A perennial discussion about these images in our house
is how to hang them
A perennial discussion about these images in our house is how to hang them: the large close panels of fence are on opposite sides of the pictures, the long-perspective threading-out likewise in a mirrored arrangement. Hang them side by side, so the large patches meet? This looks best on the wall, but isn’t at all how the fence really was. Hang them so the distanced portions meet? This looks weird and M.C. Escher-y, an attention grab that isn’t what the fence was about. So the two remain in a convoluted abutment, inside an ongoing conversation, imperfect and treasured.
The Running Fence leans inherently toward friendly satire. It’s a fence, right, but it also isn’t a fence. It doesn’t enclose anything or confer rights on anyone. It belittles other fences, but it had to go begging to cross them. My mother remembers (from secondhand, and after the fact, but not long after and not thirdhand) the artists persuading holdouts with gifts of color television sets.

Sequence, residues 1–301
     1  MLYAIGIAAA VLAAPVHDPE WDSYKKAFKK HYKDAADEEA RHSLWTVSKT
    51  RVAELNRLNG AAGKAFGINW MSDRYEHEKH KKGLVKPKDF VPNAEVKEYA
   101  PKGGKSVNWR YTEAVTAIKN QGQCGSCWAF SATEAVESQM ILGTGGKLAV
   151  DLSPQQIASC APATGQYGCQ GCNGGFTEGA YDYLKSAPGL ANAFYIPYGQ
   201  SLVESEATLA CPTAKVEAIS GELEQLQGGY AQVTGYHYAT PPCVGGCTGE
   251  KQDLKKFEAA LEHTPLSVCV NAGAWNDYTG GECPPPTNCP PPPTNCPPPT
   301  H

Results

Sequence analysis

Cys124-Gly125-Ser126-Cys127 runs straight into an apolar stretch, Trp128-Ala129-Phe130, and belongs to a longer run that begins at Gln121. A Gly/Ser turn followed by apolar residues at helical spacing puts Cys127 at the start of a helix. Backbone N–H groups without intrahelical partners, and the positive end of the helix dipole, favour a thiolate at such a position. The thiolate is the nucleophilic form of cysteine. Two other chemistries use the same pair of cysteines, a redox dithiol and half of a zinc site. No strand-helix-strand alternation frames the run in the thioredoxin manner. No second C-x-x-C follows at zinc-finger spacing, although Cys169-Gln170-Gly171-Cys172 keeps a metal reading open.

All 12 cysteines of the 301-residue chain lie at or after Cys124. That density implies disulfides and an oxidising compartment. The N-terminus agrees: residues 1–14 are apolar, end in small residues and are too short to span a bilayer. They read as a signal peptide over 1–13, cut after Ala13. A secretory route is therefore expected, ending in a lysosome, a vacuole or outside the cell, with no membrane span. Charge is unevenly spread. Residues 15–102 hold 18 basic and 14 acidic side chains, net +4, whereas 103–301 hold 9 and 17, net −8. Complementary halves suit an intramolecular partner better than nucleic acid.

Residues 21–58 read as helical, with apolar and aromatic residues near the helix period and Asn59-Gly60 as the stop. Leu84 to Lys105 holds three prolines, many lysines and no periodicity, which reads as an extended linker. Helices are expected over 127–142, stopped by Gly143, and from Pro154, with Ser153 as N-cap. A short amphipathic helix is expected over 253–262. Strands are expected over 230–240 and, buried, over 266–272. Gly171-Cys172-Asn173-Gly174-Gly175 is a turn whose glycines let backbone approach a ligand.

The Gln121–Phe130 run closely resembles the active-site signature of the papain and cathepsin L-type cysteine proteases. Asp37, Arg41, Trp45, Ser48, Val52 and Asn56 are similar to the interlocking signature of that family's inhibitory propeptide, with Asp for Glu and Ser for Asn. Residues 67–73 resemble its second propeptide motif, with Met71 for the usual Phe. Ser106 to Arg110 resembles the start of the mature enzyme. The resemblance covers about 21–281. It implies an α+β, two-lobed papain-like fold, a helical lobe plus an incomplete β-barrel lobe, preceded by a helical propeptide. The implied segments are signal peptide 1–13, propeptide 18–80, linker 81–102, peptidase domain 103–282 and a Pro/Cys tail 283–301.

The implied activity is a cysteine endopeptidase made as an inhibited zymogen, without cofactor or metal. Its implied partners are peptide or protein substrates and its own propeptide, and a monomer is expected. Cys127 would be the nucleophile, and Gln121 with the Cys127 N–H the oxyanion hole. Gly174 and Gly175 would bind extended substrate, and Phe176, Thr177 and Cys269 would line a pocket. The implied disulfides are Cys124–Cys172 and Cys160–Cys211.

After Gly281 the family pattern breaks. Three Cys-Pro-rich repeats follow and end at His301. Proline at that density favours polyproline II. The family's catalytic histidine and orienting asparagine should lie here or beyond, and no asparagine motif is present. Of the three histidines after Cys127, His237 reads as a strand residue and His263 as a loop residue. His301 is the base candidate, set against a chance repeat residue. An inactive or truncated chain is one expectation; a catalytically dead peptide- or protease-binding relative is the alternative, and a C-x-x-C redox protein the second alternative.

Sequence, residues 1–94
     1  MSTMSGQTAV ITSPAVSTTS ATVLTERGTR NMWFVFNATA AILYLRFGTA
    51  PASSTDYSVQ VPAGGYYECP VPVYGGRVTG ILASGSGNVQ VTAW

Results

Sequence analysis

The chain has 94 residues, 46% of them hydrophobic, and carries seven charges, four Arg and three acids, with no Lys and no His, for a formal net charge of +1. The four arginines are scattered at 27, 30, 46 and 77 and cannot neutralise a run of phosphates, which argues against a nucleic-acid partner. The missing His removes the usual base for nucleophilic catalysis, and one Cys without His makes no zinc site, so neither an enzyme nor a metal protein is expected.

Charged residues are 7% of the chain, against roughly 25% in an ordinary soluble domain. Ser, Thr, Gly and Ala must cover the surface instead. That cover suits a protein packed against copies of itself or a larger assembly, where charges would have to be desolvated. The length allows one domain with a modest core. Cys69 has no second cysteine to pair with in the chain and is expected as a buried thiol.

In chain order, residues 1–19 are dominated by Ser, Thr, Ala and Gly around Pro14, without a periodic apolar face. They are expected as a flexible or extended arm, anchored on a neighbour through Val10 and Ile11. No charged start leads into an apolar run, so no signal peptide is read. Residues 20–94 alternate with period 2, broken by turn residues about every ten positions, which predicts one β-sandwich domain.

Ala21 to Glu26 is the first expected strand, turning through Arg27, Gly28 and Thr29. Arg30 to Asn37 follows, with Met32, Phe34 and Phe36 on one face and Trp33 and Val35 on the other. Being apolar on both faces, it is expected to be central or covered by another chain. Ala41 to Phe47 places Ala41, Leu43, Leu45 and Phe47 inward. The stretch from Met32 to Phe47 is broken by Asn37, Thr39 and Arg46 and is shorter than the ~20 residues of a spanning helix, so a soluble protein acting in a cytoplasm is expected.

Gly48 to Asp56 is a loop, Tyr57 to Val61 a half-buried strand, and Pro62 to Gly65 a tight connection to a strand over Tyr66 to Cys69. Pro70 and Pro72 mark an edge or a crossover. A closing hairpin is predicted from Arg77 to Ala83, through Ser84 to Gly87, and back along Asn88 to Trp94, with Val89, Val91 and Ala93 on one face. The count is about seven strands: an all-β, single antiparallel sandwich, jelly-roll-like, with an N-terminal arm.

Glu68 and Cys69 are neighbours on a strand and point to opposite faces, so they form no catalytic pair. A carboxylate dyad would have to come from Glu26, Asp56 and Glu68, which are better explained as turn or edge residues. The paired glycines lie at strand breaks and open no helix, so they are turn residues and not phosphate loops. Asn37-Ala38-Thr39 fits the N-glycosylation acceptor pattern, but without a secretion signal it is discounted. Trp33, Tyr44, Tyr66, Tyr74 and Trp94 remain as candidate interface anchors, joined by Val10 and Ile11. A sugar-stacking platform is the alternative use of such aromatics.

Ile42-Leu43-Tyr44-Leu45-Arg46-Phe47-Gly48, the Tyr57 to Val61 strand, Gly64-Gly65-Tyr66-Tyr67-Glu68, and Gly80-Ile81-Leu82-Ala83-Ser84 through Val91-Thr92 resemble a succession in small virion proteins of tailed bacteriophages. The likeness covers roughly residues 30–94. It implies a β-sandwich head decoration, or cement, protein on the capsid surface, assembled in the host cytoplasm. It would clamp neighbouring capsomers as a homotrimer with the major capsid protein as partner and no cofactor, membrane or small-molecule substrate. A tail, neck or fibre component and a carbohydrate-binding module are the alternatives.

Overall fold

Fetterless, all-in art opens up strange spaces in familiar territory. I’d never have guessed rural and agricultural Northern Californians would have split ranks over French hippie art—I’d have said farm people live to circle wagons against any whiff of what they’d call abnormality. That they, ranchers and those who dress like them and drive large pickup trucks in order to emulate them, would band together like a white wall and hoot about excluding gay art. And that is just not what happened.
The Running Fence opened up a strange space in my familiar territory, in its past. “The reaction to it, especially here in Sonoma and Marin counties was fascinating. It didn’t fall out the way you would have anticipated,” Stanley says. “You ended up with artists who were opposed to it, and ranchers, what you would consider a very conservative community, in favor of it.”
In the end, 59 ranch families gave their permission for the fence to cross their land, often on the grounds that art is important. Somewhat famously, a Valley Ford resident made a personal connection, Stanley remembers. “Jean Nicholson, I think that was her name, said ‘I bake a pie, and it doesn’t last, but I consider it a work of art.’” Who was being satirized?